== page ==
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Obama Ducks Apple/FBI Conflict In Encouraging Innovation At SXSW

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Lester Coleman

Lester Coleman

Lester Coleman is a veteran business journalist based in the United States. He has covered the payments industry for several years and is available for writing assignments.


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Obama Ducks Apple/FBI Conflict In Encouraging Innovation At SXSW

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This article was posted on Sunday, 20:18, UTC.

President Obama used his historic appearance at the South By Southwest (SXSW) festival Friday in Austin, Texas to expound on the importance of innovation, making a point of not taking a side in the Apple/FBI conflict over accessing the data in the smartphone used in the San Bernardino terrorist attack. He said he could not make an official statement on the conflict at this time.

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He did, however, address the question of how to find a balance between privacy and security.

Obama Sees Balance Needed

“We can’t take an absolutist view on this,” he said, recognizing both sides of the argument, according to a transcript of the remarks provided by Fortune Magazine.

He said he is confident the conflict between protecting public safety and personal privacy can be resolved.

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The tech community and the people who care about the issue of privacy versus safety will help solve it. “Because what will happen is if everyone goes to their respective corners and the tech community says ‘Either we have strong, perfect encryption or else it’s Big Brother and an Orwellian world,’ what you’ll find is that after something really bad happens, the politics of this will swing, and they will become sloppy, and rushed, and it will go through Congress in ways that have not been thought through,” he said.

Technology Changes Choices

Prior to the invention of smartphones, if a criminal engaged in a terrorist plot, law enforcement had the right to use a warrant to search a person’s home to seek evidence of wrongdoing. “And we agreed on that because just like all of our other rights, there are going to be some constraints that we impose to ensure that we are safe, secure and living in a civilized society,” he said.

Complicating the matter is the desire to prevent terrorism or disrupting the financial system, the air traffic control system or a whole other set of increasingly digitized systems.

People on the encryption side will argue that any key, even if directed at one device, could eventually be used on every device. “That is a technical question. I am not a software engineer. It is, I think, technically true, but I think it can be overstated,” Obama said.

Snowden Disclosure Raised Suspicions

Obama noted the Snowden disclosure elevated suspicion of government oversight. He said the Snowden issue overstated the dangers to U.S. citizens since intelligence agencies are scrupulous about U.S. citizens on U.S. soil. The Snowden disclosures identified excesses overseas.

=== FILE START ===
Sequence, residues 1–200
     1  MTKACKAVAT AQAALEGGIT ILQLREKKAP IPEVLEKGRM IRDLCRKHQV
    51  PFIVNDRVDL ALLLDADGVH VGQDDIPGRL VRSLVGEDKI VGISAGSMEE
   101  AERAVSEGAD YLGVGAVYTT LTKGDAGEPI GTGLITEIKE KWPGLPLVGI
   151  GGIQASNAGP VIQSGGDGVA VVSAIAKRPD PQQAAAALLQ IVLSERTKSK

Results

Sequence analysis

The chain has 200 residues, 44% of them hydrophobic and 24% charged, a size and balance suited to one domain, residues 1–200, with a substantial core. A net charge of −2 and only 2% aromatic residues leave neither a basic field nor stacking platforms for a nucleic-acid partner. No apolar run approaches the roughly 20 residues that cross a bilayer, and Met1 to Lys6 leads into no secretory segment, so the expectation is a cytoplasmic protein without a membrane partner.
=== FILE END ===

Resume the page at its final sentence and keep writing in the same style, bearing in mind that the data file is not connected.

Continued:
The President said he understands the importance of privacy, and that government should not “willy nilly” get into smartphones to view personal data. While urging audience members to not take an absolutist view, he said the government will eventually have to make clear that the circumstances by which it is acceptable to bypass security on devices that become part of a criminal investigation.

If it is possible to make a device completely impenetrable, such protection would shield a child pornographer. “How do we disrupt a terrorist plot? How do we even do a simple thing like tax enforcement?” he asked. He said concessions will be needed for law enforcement to get necessary information.

Also read: FBI’s claim that only Apple can unlock the iPhone is ‘horseshit,’ says Edward Snowden

Decisions Are Needed

Setting aside the case between the FBI and Apple, Obama said decisions must be made on balancing “respective risks.” “The dangers are real. This notion that sometimes our data is different and can be walled off from these other trade-offs is incorrect.”

Obama said the answer will come down to creating a system where the encryption is as strong as possible, the key is as secure as possible, accessible by the smallest possible number of people, for a subset of important issues. “How we design that is not something I have the expertise to do.”

The President said he is on the civil liberties side of the debate. But he noted he is not interested in “overdrawing” the values that have made the U.S. an exceptional nation simply for expediency. The dangers are real, and maintaining law and order is important.

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Lester Coleman

Lester Coleman

Lester Coleman is a veteran business journalist based in the United States. He has covered the payments industry for several years and is available for writing assignments.

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